Blood Meridian by Cormac McCarthy—Excerpt

For the next two weeks they would ride by night, they would make no fire. They had struck the shoes from their horses and filled the nailholes in with clay and those who still had tobacco used their pouches to spit in and they slept in caves and on bare stone. They rode their horses through the tracks of their dismounting and they buried their stool like cats and they barely spoke at all. Crossing those barren gravel reefs in the night they seemed remote and without substance. Like a patrol condemned to ride out some ancient curse. A thing surmised from the blackness by the creak of leather and the chink of metal.

They cut the throats of the packanimals and jerked and divided the meat and they traveled under the cape of the wild mountains upon a broad soda plain with dry thunder to the south and rumors of light. Under a gibbous moon horse and rider spanceled to their shadows on the snowblue ground and in each flare of lightning as the storm advanced those selfsame forms rearing with a terrible redundancy behind them like some third aspect of their presence hammered out black and wild upon the naked grounds. They rode on. They rode like men invested with a purpose whose origins were antecedent to them, like blood legatees of an order both imperative and remote. For although each man among them was discrete unto himself, conjoined they made a thing that had not been before and in that communal soul were wastes hardly reckonable more than those whited regions on old maps where monsters do live and where there is nothing other of the known world save conjectural winds.

They crossed the del Norte and rode south into a land more hostile yet. All day they crouched like owls under the niggard acacia shade and peered out upon that cooking world. Dust-devils stood on the horizon like the smoke of distant fires but of living thing there was none. They eyed the sun in its circus and at dusk they rode out upon the cooling plain where the western sky was the color of blood. At a desert well they dismounted and drank jaw to jaw with their horses and remounted and rode on. The little desert wolves yapped in the dark and Glanton’s dog trotted beneath the horse’s belly, its footfalls stitched precisely among the hooves.

That night they were visited with a plague of hail out of a faultless sky and the horses shied and moaned and the men dismounted and sat upon the ground with their saddles over their heads while the hail leaped in the sand like small lucent eggs concocted alchemically out of the desert darkness. When they resaddled and rode on they went for miles through cobbled ice while a polar moon rose like a blind cat’s eye up over the rim of the world. In the night they passed the lights of a village on the plain but they did not alter from their course.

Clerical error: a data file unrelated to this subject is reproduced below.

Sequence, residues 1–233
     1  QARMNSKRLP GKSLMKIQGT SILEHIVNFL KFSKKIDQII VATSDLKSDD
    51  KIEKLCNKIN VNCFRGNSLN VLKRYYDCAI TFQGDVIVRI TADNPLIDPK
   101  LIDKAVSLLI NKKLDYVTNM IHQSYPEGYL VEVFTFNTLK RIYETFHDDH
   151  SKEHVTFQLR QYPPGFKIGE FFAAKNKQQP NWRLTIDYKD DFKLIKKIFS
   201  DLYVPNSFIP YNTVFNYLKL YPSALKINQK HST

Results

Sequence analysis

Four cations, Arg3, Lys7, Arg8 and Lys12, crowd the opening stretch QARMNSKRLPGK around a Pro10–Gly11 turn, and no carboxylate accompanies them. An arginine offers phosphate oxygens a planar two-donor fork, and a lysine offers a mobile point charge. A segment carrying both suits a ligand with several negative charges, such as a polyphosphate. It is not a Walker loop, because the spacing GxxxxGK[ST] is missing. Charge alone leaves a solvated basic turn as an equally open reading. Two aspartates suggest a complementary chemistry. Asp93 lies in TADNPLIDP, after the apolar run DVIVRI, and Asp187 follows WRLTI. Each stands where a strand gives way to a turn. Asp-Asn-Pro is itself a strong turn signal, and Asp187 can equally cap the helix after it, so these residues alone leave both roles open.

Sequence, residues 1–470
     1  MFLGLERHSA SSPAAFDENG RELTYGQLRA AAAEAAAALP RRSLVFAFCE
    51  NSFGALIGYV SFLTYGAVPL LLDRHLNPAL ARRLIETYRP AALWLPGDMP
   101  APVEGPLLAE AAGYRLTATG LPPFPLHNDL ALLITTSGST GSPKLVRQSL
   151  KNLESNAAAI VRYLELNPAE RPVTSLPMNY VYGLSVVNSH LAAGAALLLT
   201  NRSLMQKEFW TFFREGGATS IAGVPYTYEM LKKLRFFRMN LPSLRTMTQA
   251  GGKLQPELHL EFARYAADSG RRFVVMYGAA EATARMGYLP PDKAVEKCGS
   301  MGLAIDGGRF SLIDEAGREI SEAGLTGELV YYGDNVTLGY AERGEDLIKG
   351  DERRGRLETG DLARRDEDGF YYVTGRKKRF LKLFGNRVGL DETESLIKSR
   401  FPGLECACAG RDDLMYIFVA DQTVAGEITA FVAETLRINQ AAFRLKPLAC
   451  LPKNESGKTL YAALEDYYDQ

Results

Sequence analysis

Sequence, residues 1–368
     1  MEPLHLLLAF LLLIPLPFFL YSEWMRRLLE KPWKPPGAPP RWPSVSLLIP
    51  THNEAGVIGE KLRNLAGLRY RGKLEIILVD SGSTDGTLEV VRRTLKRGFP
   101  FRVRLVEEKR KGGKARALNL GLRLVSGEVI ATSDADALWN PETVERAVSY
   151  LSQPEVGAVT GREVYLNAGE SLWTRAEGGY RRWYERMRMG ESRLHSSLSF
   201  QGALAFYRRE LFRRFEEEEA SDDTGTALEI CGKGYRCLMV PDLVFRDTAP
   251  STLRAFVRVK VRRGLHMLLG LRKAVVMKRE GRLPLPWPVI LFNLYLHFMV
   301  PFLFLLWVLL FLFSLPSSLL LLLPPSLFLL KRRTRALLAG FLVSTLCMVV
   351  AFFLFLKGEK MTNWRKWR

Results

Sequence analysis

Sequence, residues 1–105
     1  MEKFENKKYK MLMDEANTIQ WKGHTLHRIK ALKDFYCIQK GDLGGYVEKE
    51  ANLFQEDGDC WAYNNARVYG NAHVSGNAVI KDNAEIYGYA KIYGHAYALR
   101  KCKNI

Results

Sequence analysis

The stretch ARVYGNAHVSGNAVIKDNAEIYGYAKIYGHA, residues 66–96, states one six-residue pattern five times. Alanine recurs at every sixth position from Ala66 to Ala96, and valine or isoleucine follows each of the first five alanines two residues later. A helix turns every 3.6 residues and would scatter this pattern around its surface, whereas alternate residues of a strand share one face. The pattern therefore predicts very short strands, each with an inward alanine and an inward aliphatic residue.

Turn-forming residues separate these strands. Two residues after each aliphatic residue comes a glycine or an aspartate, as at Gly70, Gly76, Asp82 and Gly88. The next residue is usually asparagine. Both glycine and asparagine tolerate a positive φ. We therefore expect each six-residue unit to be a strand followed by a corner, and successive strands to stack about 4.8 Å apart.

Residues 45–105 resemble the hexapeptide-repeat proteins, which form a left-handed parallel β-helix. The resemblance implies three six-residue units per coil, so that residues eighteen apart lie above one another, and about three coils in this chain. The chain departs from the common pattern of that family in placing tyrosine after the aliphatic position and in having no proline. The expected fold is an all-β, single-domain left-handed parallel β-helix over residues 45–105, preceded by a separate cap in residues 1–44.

Toward the morning they saw fires on the horizon. Glanton sent the Delawares. Already the dawnstar burned pale in the east. When they returned they squatted with Glanton and the judge and the Brown brothers and spoke and gestured and then all remounted and all rode on.

Five wagons smoldered on the desert floor and the riders dismounted and moved among the bodies of the dead argonauts in silence, those right pilgrims nameless among the stones with their terrible wounds, the viscera spilled from their sides and the naked torsos bristling with arrowshafts. Some by their beards were men but yet wore strange menstrual wounds between their legs and no man’s parts for these had been cut away and hung dark and strange from out their grinning mouths. In their wigs of dried blood they lay gazing up with ape’s eyes at brother sun now rising in the east.

The wagons were no more than embers armatured with the blackened shapes of hoop-iron and tires, the redhot axles quaking deep within the coals. The riders squatted at the fires and boiled water and drank coffee and roasted meat and lay down to sleep among the dead.

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Published in: on December 19, 2009 at 8:35 AM  Leave a Comment  
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